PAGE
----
cabin fever

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In the current sense coined or popularized in a 1918 novel of the same name.[1]


cabin fever (uncountable)

  1. (psychology) A condition of restlessness and irritability caused by being in a confined space.
    Some residents of Alaska suffer from cabin fever when they remain indoors throughout the long, snowy winters.
    • 2004, Lois Olson, Meeting Him in the Wilderness: A True Story of Adventure and Faith, iUniverse, →ISBN, page 102:
      The novelty of a wilderness winter wore off. I began to suffer from cabin fever. I was so anxious to see someone that whenever I heard a car or truck motor, I jumped up on a chair to look out.
  2. (obsolete) Typhus.
    • 1820, The Gentleman's Magazine, volume 128, page 139:
      The certain consequence is the low typhus or cabin fever, which at all times, and at this present moment, exists in Ireland to a degree, that in any other country would create a serious alarm.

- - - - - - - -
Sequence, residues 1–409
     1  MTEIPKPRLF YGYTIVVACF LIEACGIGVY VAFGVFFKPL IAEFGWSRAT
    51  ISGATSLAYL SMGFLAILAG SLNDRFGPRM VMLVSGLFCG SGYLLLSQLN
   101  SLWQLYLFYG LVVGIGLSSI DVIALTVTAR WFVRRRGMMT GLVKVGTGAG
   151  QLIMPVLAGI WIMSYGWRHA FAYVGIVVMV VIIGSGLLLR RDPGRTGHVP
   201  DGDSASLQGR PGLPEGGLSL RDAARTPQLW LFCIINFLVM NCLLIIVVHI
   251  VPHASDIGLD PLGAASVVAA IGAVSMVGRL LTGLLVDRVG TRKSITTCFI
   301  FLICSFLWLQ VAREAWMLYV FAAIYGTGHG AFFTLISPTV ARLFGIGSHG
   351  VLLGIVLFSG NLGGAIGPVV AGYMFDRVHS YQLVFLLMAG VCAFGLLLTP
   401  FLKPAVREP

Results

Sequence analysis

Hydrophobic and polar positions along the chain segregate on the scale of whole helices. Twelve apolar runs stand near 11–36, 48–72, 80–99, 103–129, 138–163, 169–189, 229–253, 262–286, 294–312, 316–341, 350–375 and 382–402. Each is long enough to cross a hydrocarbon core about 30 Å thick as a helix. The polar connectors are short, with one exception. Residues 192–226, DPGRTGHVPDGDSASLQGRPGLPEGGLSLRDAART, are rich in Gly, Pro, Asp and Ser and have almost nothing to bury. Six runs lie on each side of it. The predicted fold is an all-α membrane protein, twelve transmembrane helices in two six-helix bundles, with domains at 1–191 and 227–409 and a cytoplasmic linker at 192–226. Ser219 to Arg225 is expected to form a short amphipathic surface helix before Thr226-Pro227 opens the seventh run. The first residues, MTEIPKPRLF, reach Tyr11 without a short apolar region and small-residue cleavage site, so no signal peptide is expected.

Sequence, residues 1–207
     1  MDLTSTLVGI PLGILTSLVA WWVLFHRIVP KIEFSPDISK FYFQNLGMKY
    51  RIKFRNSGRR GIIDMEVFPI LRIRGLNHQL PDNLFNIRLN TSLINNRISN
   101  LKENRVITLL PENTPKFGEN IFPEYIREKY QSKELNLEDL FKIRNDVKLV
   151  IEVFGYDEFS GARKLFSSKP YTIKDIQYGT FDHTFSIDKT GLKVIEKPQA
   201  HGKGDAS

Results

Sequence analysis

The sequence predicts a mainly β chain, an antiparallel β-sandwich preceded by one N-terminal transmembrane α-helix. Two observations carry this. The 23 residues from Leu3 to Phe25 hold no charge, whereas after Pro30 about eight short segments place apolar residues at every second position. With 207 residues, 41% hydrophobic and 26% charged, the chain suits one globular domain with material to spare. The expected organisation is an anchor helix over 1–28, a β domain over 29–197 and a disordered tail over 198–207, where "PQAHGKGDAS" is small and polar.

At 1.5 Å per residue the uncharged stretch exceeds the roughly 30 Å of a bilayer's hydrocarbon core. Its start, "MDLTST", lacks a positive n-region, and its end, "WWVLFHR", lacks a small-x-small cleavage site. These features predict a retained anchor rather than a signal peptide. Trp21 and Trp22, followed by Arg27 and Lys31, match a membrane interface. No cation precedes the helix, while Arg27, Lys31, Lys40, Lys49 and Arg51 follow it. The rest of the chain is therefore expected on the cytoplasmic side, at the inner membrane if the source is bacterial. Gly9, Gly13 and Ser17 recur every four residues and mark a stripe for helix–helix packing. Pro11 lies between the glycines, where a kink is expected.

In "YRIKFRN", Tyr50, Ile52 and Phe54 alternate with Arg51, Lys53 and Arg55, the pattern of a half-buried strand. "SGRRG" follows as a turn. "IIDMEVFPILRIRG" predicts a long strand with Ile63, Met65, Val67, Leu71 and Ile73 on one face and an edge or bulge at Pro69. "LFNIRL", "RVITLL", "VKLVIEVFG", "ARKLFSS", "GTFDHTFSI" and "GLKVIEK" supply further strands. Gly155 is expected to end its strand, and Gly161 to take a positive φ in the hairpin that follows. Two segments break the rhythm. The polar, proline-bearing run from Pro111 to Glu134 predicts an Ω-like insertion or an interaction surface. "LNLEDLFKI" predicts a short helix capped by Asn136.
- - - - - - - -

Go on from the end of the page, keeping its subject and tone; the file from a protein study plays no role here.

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  1. ^ B. M. Bower (1918) chapter 1, in Cabin Fever[1]:There is a certain malady of the mind induced by too much of one thing. Just as the body fed too long upon meat becomes a prey to that horrid disease called scurvy, so the mind fed too long upon monotony succumbs to the insidious mental ailment which the West calls “cabin fever.”

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